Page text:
BRUSSELS, Belgium - In addition to internal European Union disputes over genetically modified organisms released into the environment - most notably are GMO crops - there are plenty of criticisms brewing over the EU rules on the confined use of GMOs.
The UK said the rules, which require official approval for research installations and for projects undertaken there, are "unduly complex." Italy said they are poorly adapted to practical realities, because the system of classification is not consistent with international practice. Germany is insisting the rules need to be adapted to keep up with technical progress.
The UK also complained of long notification periods and a lack of appropriate detail of control measures and risk assessment. It said it favors simplification "based on the increased knowledge of the risks associated with genetic modification and control techniques enabling the earlier, very broad precautionary approach to be refined." Italy said the administrative procedures are not linked to the risk of the activities and in some cases are unnecessarily restrictive, and there is insufficient guidance on containment and control measures.
The criticisms were made in an unpublished report that the European Commission, the EU's executive body, recently completed. The report covers some of the newer operations of the 1990 rules on the confined use of genetically modified micro-organisms (Directive 90/219/EEC). It shows some of the EU's 15 member countries still have not fully transposed the rules into national law or designated national authorities responsible for enforcement, despite an October 1991 deadline. Luxembourg and France failed even to deliver their inputs for this report on time.
The EU rules have been in operation in the UK, the Netherlands, Italy and Portugal since 1993; in Ireland, Sweden and Spain since 1994; and in Austria, Greece and Finland since 1995. Denmark did not come fully into line until 1995 (until then Danish law was even stricter, and it was only in 1995 that it conformed to EU rules by introducing a simplified notification system for the use of low-risk GMOs).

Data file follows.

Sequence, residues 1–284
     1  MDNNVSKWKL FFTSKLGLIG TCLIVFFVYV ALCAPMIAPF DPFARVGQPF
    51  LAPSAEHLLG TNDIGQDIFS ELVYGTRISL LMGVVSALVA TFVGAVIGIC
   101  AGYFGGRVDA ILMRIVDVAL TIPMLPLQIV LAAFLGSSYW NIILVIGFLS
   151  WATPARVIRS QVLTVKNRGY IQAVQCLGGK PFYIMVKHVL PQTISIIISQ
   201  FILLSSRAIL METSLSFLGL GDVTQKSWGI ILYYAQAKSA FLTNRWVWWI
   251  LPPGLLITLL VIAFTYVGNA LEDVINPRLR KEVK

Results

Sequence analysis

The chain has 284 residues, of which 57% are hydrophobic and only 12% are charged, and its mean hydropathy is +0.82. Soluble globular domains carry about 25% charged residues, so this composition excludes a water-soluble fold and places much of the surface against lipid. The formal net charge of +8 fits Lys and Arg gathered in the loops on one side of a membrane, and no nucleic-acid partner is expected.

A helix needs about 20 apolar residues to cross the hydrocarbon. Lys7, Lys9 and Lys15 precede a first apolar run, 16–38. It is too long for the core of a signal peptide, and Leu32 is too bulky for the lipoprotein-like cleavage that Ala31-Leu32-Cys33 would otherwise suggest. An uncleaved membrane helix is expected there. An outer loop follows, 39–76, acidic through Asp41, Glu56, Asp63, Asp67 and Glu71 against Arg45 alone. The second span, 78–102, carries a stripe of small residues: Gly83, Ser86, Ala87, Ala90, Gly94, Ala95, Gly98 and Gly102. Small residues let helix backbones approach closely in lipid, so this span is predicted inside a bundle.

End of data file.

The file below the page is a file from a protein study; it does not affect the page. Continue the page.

Germany's 1990 law and France's 1992 law still need updating. Belgium's 1995 legislation still has to be finalized in the country's Wallonia region. And, the report said, in Luxembourg a draft legislative text has been presented to parliament and is under discussion.
Member States Differ In Approaches
The report also demonstrated some of the profound differences in the national systems for controlling biotechnology research across the member countries of the EU. For instance, in the UK the authority for implementing the rules is shared between the Health and Safety Executive - which has a full-time specialist inspectorate - and the Department of Environment, advised by the Advisory Committee on Genetic Modification, with an independent chairman, and members representing employer groups, industry, universities research councils and employee organizations, as well as scientific and medical specialists.